Securing IIS 5.0 Using Batch-Oriented Command Files
On This Page
What, When, and How to Secure
Configuring with Command Files
Customizing the Command File
Types of Tools and Settings
Other Security Configuration Steps
For More Information
This white paper describes the use of command files or batch programs to automate the security settings on a Web server running Windows 2000 Server or Windows 2000 Advanced Server and Internet Information Services 5.0 in an enterprise environment. This white paper is intended for system administrators and assumes familiarity with Windows 2000 Server and IIS 5.0, registry settings in the operating system, and metadata settings in IIS 5.0. This paper will not attempt a detailed explanation of registry settings or metadata settings. For that information, turn to the documentation for Windows 2000 Server and IIS 5.0.
The command files and supporting utilities discussed in this white paper can be found on the Windows 2000 Web Server Rapid Deployment Guide CD, or on the Web in this zip file: http://www.microsoft.com/windows2000/techinfo/reskit/default.asp
It is important to note that the Windows Management Interface (WMI) provides a more robust interface for managing the server operating system than provided by command files and utilities. The use of command files is discussed here because many administrators are familiar with using these in legacy operating systems.
This white paper draws on experience gained by Microsoft engineers who upgraded Web servers to Windows 2000 Advanced Server at the MSN Hotmail® Web-based e-mail service. The security and performance considerations in that upgrade are relevant for many Web hosting environments, including large e-commerce enterprises. The performance and security settings outlined in this paper are not exhaustive. There are excellent resources and related links available on http://www.microsoft.com/windows2000 .
A list of related articles can be found in the For More Information section at the end of this white paper. However, a good starting point for further reading is the Microsoft Security Web site at http://www.microsoft.com/security . For information on performance tuning, read The Art and Science of Web Server Tuning with Internet Information Services 5.0 at http://www.microsoft.com/technet/security/chklist/iis5chk.mspx .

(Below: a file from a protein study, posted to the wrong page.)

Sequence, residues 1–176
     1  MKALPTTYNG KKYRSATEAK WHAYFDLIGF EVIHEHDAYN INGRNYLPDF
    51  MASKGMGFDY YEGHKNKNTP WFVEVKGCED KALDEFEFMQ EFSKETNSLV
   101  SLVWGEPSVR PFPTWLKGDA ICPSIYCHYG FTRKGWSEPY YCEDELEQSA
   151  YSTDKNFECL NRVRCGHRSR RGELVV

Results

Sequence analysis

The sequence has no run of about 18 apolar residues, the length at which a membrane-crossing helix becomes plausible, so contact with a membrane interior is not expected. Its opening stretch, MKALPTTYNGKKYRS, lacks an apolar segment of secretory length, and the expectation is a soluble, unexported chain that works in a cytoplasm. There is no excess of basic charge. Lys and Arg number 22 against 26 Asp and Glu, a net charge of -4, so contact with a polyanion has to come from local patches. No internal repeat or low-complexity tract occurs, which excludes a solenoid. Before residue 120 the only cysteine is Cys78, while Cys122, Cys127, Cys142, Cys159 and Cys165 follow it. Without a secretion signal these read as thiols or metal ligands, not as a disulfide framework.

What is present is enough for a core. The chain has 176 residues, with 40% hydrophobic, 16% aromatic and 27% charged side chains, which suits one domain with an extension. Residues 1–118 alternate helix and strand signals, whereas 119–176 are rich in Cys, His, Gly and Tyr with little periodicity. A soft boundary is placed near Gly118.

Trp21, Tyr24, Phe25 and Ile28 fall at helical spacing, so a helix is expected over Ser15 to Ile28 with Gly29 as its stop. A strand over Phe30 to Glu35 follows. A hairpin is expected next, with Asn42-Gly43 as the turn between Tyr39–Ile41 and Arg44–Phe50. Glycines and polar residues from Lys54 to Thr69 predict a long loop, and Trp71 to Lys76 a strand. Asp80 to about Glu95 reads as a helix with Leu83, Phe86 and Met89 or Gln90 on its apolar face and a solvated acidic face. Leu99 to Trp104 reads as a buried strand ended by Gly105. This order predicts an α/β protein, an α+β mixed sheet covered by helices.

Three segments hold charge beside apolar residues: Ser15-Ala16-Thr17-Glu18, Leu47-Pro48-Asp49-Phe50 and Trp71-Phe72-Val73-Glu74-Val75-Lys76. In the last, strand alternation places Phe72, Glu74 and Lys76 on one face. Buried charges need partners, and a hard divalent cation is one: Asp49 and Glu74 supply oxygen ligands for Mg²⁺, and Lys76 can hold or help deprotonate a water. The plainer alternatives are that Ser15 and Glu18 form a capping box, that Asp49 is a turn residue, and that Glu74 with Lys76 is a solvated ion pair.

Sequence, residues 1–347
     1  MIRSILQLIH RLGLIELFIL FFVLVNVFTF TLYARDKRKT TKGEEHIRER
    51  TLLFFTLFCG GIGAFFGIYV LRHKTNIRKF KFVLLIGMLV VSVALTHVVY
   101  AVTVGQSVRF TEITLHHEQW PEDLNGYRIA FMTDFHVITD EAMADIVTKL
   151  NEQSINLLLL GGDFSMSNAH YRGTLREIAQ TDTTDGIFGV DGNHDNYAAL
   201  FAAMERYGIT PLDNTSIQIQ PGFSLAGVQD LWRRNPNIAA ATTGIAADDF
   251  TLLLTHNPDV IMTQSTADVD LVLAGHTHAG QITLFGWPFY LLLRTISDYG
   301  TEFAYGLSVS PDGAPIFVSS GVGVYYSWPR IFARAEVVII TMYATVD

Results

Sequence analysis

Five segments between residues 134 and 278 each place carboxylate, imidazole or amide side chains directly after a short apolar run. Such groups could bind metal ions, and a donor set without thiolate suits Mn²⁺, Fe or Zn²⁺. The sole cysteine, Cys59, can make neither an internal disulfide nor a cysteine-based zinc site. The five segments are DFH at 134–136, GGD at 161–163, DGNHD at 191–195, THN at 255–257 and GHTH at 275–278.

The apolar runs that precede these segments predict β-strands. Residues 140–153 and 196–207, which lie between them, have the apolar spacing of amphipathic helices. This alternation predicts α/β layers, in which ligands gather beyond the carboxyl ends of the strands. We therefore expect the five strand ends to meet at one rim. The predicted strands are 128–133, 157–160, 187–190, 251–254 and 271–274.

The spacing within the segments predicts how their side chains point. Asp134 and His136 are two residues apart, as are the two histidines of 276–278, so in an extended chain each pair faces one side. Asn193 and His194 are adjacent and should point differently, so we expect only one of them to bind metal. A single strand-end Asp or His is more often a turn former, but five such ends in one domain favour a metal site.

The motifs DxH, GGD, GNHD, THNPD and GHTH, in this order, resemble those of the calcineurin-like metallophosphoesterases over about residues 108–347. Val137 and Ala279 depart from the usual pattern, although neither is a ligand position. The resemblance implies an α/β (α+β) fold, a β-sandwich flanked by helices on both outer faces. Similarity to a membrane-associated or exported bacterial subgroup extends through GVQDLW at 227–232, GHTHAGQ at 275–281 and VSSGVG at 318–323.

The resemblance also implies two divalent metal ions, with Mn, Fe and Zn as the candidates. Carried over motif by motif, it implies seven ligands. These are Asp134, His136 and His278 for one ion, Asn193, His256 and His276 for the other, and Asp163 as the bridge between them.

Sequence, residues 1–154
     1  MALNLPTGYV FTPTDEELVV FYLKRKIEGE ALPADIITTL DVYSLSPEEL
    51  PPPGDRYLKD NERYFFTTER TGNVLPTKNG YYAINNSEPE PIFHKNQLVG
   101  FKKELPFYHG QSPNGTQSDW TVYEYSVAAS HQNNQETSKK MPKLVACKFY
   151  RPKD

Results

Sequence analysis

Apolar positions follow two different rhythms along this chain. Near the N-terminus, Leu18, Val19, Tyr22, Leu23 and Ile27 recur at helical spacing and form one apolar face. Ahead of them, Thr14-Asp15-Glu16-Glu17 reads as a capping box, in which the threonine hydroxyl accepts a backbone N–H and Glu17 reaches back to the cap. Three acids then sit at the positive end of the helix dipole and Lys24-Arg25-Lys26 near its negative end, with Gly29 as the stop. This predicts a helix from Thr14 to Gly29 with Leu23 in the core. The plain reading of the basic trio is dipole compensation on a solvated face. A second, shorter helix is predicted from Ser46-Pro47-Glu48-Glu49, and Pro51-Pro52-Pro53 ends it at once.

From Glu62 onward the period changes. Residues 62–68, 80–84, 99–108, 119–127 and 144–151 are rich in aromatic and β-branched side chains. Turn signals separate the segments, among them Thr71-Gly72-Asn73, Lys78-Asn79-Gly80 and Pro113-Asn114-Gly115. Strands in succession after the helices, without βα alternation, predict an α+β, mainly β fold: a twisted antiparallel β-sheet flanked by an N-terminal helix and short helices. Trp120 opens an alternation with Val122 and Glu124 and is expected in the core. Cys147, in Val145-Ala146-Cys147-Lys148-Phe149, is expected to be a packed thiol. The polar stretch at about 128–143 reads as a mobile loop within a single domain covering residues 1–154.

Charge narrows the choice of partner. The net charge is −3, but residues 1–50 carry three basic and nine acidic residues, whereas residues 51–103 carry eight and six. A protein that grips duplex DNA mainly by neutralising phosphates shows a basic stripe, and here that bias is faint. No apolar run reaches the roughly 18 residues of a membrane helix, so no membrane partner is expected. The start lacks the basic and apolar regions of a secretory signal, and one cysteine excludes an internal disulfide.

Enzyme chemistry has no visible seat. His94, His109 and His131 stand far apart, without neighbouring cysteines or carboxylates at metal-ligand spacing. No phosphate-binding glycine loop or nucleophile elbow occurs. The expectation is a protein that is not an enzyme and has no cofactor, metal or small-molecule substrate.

Caution: Do not use these tools indiscriminately. These settings will create a highly secure Web server. However, applying them to a Web server will most likely break existing applications. The settings may restrict customer access to Web sites. Before configuring security, system administrators must understand the effect and proper use of each setting. This paper includes command files that contain the types of performance and security settings used in the Hotmail deployment. These are not identical to the actual command files used at Hotmail, but they are similar enough to be used as a model.
It is strongly recommended that one tests proposed modifications to security or performance settings in a lab environment prior to implementing on production systems.
What, When, and How to Secure
Understanding Security Needs
Administrators should be keenly aware of the security needs and considerations at their organization before configuring security settings. As mentioned, the settings that are included in command files in this paper are for illustration purposes only. These command files can be modified as needed before they are applied to Web servers in other organizations. For example, an organization running Web applications that require less restrictive access to public Web servers must amend the settings in the command files to allow such access. Otherwise, the Web applications will not work. Additionally, these command files were built specifically for use on Web servers, running the Windows 2000 Server operating system and IIS 5. They need to be modified if used on servers supporting different roles.
Modifying the Command File to Match Specific Needs
Administrators should study all of the parameters being modified in the command file and understand the effects of those modifications on Web applications.
The command files described in this white paper illustrate how to automate common administrative tasks, such as maintaining security, tuning performance and preventing denial of service (DOS) attacks.
For more information on aspects of a Web server that should be secured, along with why and how to secure them, read the article titled Secure Internet Information Services 5 Checklist at http://www.microsoft.com .
System administrators can use the checklist in that article to help them determine security goals and requirements for their organizations. They can customize the command file herein to automate the implementation of those requirements.
Configuring with Command Files
Two Options for Securing Servers
When thinking about deploying Windows 2000 Server in a Web hosting environment, many system administrators face the questions: How can we make this system secure? How do we keep hackers out?